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Lawyering Skills
University of Kansas School of Law
Six, Betsy Brand

Lawyering I
 
B. Case Briefs
Case-general term for an action, cause, suit, or controversy, at law or in equity
                -a ? contested before a ct of justice
                -aggregate of facts which furnishes occasion for the exercise of jurisdiction of a court of justice.
                -judicial proceeding for determination of controversy btwn parties wherein rts are enforced/protected, or      wrongs are prevented/redressed
                -any proceeding judicial in nature
Ways to decide cases(in order of process):
motion to dismiss-simply on basis of pleadings themselves
motion for summary judgment-after discovery, decide case on basis of pleadings and evidence brought to attention through discovery process
trial-parties move for directed verdict, even when you look at all evidence presented by one side, they have not proved their case
verdict itself
motion for judgment nov (judgment as matter of law)-jury concluded what one party sees as incorrect judgment, therefore move to have judge dismiss it
appeal for new trial
Case Brief: Purposes:
Helps you to read cases carefully
Brief = Analysis of if/not you understood case properly
Preparation for class, outlines
Practice of law
Elements of a Case Brief:
Title/Identification: names of parties, ct, yr (Baxter v. Fugett, Okla Sup Ct, 1967)
Facts: material facts relevant to the issue and holding as you remember them, include facts ct uses to reach it’s decision and applies law to the facts
Procedural History: party who initially brought action, relief sought, lower ct’s disposition, errors claimed, deciding ct’s disposition
Issue(s)/Holding(s): Material ? of fact/law arises from claims, defenses, and arguments of parties. MUST be narrow enough to id substantive legal ? (the law) the ct is deciding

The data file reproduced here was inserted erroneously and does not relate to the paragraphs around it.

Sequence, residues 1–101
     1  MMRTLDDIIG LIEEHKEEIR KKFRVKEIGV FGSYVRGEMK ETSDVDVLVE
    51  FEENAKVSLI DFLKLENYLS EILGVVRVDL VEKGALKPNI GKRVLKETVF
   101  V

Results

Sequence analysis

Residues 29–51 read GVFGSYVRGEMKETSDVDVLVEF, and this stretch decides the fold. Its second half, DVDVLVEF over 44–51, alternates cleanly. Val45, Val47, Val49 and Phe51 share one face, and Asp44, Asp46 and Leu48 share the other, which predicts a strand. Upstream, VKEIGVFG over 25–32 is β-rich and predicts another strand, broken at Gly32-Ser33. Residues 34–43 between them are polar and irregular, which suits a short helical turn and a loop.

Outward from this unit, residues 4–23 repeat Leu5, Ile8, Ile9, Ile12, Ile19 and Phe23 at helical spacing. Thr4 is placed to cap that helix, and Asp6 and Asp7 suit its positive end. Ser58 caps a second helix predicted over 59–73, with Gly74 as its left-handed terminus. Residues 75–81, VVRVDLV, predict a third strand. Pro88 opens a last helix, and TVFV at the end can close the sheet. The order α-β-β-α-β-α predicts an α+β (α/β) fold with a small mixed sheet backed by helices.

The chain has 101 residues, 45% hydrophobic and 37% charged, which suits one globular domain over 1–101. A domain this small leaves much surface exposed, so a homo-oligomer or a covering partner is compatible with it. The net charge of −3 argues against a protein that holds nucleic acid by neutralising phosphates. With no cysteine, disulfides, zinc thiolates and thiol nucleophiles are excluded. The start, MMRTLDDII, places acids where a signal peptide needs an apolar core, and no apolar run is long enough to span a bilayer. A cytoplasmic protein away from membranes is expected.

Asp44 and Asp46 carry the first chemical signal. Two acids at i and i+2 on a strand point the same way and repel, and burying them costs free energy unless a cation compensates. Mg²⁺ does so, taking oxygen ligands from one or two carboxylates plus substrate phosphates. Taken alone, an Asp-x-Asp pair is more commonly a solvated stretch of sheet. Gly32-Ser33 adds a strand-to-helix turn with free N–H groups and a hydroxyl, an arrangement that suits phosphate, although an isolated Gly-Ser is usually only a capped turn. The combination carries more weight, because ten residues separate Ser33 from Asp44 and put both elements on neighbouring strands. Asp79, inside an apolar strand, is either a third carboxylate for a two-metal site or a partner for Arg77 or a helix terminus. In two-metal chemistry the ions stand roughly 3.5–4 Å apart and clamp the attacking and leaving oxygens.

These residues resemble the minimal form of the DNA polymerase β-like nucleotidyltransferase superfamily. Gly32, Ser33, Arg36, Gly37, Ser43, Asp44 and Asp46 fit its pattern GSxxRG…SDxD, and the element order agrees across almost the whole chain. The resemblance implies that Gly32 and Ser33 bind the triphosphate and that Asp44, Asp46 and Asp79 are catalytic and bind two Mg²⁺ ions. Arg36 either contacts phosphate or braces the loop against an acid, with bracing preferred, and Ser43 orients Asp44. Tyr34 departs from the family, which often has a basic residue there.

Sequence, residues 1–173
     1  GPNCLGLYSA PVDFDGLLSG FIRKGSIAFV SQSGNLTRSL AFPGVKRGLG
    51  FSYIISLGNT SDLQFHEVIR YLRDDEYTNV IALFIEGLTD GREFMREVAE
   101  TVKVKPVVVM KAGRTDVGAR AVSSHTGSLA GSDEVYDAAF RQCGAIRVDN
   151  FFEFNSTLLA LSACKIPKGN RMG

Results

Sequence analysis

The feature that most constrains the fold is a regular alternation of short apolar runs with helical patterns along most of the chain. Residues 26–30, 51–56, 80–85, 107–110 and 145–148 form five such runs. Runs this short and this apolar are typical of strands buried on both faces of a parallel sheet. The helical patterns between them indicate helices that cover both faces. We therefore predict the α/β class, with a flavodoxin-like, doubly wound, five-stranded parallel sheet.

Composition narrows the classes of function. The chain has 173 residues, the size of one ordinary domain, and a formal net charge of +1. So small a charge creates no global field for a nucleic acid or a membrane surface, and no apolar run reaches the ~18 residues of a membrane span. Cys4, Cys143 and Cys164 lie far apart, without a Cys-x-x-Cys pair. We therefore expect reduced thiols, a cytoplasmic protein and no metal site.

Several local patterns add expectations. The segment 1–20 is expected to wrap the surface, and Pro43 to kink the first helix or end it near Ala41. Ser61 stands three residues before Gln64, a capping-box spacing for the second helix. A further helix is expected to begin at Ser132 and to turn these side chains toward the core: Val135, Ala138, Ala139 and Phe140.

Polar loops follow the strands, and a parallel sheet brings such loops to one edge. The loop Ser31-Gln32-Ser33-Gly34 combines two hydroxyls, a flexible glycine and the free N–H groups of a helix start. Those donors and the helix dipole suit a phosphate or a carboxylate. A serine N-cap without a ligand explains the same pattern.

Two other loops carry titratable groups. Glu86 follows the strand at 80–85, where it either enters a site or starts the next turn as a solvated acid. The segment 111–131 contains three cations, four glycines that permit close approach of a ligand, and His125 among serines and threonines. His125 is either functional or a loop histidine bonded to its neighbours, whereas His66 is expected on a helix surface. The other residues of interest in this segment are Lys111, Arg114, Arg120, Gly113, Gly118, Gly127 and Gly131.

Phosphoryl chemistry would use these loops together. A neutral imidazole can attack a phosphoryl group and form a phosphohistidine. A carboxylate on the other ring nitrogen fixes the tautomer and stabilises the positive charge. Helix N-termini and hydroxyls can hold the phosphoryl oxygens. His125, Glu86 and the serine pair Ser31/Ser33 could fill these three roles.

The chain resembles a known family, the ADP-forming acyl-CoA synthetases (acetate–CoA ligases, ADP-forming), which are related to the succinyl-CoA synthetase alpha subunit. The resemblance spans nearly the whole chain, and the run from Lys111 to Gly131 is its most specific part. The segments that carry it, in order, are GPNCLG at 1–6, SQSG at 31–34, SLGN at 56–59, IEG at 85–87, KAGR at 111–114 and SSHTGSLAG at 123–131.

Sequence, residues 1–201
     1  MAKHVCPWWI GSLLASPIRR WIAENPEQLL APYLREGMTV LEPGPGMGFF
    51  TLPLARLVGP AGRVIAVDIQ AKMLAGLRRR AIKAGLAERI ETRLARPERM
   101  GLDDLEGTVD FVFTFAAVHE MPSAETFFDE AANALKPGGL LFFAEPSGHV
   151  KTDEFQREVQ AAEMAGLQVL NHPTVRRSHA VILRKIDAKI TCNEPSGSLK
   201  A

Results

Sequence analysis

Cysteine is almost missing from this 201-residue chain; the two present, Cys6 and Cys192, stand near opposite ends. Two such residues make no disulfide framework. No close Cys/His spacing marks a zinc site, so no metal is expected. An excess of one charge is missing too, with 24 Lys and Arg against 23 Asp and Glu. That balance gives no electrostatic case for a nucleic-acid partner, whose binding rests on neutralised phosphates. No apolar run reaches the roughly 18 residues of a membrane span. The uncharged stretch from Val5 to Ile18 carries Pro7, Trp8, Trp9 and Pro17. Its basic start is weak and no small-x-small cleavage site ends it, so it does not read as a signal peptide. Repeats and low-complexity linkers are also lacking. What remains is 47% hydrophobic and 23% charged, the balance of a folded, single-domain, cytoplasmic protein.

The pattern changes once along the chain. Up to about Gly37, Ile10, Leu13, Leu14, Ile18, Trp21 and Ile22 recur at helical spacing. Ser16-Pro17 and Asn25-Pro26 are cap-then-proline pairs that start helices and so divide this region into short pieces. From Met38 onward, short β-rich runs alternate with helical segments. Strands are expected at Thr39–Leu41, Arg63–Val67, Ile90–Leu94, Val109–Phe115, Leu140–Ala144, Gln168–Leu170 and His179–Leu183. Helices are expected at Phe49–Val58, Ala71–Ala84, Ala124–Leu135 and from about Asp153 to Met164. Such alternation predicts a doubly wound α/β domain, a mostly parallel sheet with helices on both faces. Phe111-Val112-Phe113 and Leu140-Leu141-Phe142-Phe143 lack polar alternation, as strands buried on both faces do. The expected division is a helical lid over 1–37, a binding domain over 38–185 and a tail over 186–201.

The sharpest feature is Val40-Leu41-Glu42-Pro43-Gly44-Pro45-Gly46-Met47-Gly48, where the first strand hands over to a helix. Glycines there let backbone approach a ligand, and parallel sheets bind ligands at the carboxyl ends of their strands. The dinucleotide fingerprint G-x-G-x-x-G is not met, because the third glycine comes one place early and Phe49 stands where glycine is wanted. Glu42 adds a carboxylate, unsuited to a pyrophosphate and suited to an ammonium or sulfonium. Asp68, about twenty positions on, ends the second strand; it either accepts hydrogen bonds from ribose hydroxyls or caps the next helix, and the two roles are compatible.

Issue is usually a question of law in civil cases (rarely a question of fact)
Holding: Answer to the issue, the case’s rule of law (precedent)
Holding v. Dicta: not an exact science, deciphering extent of ct’s ruling as precedent
Dicta: statements in opinion that explain court’s reasoning, but address questions not squarely presented in the dispute before the ct (essentially the rationale)
Read opinion critically (don’t simply take ct’s word), what ct does in total is key
Reasoning: Summary of reasons ct gives to justify its rule of law (ct’s rationale)
Common reasons: authority, practicality/workability, policy
Cases, legislation, and why ct relied on it
Evaluation: Whether reasoning is convincing, policy considerations, practical implications, your opinion
Other: Figure out what you don’t understand and write it down
Synthesis: Comparing critical elements of each case in a series
formulate general principle that explains each decision
OR compare/evaluate inconsistent approaches of diff. cts or same ct over time (Bridges gap btwn brief & outline)
Brief cases, understand legal rules, think about rules in context of facts of cases and context of problem presented-finally apply rules
First sentence: state the issue, then articulate law/legal principles, explain how law applies to new facts, give prediction to answer problem
C. LEGAL INSTITUTIONS
Sovereignty: the legitimate authority to govern, in the U.S. power to govern is given by the people
States put together from their respective constitutions, the preamble then constitution (set forth powers given to federal gov.) i.e. Congress has ability to regulate interstate commerce
10th Amendment: everything not given to fed gov in constitution is given to the states to govern themselves
–          patents/trademarks, bankruptcy, foreign affairs, etc. (federal gov)
–          family laws, adoption, divorce (state gov)
–          grey areas exist: edu (traditional state gov) but no child left behind (fed gov)
–          Fed gov got involved in education b/c said wouldn’t give $$$ to states for highways if they didn’t allow no child left behind policy
Municipalities: county/city gov. powers are delegated by the states (not from people like fed gov)